Las Vegas -- Responding to cable-hostile regulatory stances of Federal Communications Commission chairman Kevin Martin, National Cable & Telecommunications Association president Kyle McSlarrow said Tuesday that government intervention in the video-programming market -- including a la carte mandates Martin wants -- was unnecessary because the pay TV market is a hotly competitive business.
"If one assumes that the video marketplace is one of intense competition, then the only sensible policy outcome is one where the government gets out of the way and lets the free market flourish," McSlarrow said in a Cable Show ‘07 speech here. "I think that marketplace is competitive and every cable operator knows that [it is] in a competitive firefight with satellite distributors and, now, telephone companies."
On Monday, Martin repeated in a Cable Show speech his steadfast support for the a la carte sale of cable networks and the forced cable carriage of multiple digital-programming streams transmitted by local TV stations free-of-charge to the viewing public.
Cable has been resisting Martin on both matters almost since the day he became chairman of the Washington, D.C.-based regulatory agency in March 2005.
McSlarrow said it was "puzzling that chairman Martin does not take" a hands-off approach to video regulation.
"I was struck by his discussion of mandated a la carte and mandated multicast carriage. There are many reasons why neither of those ideas benefits consumers," McSlarrow said. "A la carte is a form of government-enforced unbundling of what is known as the expanded-basic tier. Mandated multicast carriage produces exactly the opposite result. It forces the bundling of broadcast programming that apparently couldn’t gain carriage in a free market."
Those policies, McSlarrow added, didn't add up.
"You can’t have it both ways. You can’t insist that every channel must be sold separately and then require that other programming must be added to the expanded-basic tier," McSlarrow said.
The day before, Martin said cable was trying to have it "both ways" by denying consumers a la carte options and denying TV stations consumer access to their multicasting services.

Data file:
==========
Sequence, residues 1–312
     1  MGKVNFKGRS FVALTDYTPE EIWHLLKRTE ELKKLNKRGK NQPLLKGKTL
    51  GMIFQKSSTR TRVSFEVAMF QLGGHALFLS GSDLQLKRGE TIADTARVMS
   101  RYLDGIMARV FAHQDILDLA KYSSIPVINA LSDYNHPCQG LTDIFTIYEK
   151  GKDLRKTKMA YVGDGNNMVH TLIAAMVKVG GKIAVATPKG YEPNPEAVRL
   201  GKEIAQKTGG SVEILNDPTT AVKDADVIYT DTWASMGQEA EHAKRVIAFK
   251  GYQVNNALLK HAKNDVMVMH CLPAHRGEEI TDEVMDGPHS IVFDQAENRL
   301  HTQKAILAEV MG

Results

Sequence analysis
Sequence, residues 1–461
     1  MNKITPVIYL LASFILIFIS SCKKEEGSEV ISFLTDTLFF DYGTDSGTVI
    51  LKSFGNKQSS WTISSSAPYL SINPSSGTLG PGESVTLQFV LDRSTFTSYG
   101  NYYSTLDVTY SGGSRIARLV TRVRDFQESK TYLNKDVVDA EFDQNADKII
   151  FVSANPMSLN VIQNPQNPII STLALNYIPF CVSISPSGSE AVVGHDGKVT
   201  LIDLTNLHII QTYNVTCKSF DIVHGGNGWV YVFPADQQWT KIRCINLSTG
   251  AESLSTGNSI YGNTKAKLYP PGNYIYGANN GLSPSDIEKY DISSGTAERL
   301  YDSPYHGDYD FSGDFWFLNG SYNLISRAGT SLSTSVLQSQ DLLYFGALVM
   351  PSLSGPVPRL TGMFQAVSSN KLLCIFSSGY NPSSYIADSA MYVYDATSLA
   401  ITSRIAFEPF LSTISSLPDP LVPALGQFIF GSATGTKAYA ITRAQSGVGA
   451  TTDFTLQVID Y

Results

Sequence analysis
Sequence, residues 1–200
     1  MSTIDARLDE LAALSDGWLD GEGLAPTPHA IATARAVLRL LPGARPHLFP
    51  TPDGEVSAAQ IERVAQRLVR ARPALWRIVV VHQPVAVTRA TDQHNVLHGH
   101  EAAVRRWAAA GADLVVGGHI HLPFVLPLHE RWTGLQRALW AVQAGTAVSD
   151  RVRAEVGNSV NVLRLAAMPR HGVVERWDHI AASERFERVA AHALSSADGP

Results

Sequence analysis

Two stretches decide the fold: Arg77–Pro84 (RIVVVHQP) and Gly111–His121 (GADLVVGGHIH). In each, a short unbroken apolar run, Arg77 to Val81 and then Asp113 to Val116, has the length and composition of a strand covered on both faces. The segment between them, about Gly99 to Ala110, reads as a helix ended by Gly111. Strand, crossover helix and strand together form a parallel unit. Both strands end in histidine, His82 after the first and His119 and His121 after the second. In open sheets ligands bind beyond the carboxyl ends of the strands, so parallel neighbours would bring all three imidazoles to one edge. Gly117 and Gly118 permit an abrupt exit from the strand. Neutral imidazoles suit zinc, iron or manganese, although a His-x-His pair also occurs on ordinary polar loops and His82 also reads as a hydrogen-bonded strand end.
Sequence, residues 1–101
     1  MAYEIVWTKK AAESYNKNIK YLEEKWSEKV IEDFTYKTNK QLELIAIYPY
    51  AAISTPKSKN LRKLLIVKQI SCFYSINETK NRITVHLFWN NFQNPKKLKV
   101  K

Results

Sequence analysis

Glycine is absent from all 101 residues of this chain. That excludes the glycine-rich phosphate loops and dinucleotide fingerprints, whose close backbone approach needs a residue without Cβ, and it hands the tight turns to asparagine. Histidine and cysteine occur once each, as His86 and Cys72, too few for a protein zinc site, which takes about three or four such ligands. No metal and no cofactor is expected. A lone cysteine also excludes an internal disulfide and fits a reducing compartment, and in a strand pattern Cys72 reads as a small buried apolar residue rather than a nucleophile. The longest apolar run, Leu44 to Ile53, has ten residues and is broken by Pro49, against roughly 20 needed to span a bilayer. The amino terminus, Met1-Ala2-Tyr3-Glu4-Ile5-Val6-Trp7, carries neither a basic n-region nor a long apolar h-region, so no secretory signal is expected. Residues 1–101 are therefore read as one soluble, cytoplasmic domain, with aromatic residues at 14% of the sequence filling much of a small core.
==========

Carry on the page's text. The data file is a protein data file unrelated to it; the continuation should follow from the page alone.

The FCC, Martin has said repeatedly, lacks the authority to impose a la carte on cable. As a result, he has endorsed efforts on Capitol Hill to pass legislation that would break up expanded basic, which is cable's most popular programming tier and includes dozens of channels, including ESPN, Discovery Channel and Fox News Channel.
On multicast must-carry, Martin is trying to get the FCC to adopt rules that would require cable carriage of programming supplied by entities designated by the FCC that lease surplus digital spectrum from local TV stations.
Just two weeks ago, the FCC launched a rulemaking that would require cable operators, following the termination of analog broadcasting Feb. 17, 2009, to distribute local TV signals of must-carry stations in both analog and digital. The mandate would go away once cable systems had converted to digital-only transmission. The NCTA is opposing that plan, claiming it would violate the First Amendment editorial rights of cable operators.
"Our policy positions on these issues reflect a consistent philosophy," McSlarrow said. "We believe a free market and consumer choice should determine how programming is offered and marketed to consumers, not government mandates that hurt diversity and grant preferential treatment to one class of programmers over another."
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